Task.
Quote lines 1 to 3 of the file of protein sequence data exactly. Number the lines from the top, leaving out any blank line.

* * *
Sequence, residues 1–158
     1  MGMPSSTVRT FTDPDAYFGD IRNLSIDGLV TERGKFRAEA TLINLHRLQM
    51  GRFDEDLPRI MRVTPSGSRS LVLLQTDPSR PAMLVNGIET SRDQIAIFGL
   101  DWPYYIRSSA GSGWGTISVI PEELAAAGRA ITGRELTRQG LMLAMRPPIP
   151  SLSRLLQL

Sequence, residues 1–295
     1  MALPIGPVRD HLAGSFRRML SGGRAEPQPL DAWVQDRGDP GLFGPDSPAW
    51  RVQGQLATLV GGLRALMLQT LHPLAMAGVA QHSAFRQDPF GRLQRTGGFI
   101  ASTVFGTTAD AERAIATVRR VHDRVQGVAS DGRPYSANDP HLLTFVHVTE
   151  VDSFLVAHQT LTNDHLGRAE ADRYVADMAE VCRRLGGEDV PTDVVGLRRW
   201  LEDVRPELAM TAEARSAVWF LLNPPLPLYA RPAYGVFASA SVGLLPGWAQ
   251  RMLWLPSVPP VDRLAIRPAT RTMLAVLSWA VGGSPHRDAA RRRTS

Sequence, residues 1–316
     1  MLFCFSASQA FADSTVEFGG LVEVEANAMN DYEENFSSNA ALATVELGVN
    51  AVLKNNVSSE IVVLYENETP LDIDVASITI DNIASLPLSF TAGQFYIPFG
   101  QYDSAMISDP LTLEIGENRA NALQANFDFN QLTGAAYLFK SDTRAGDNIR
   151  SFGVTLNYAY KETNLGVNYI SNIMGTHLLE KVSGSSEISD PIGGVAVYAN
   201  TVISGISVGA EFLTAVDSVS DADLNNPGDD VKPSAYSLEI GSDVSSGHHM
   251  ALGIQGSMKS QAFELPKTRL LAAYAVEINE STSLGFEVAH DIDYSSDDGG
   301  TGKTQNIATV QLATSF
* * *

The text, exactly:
Sequence, residues 1–158
     1  MGMPSSTVRT FTDPDAYFGD IRNLSIDGLV TERGKFRAEA TLINLHRLQM
    51  GRFDEDLPRI MRVTPSGSRS LVLLQTDPSR PAMLVNGIET SRDQIAIFGL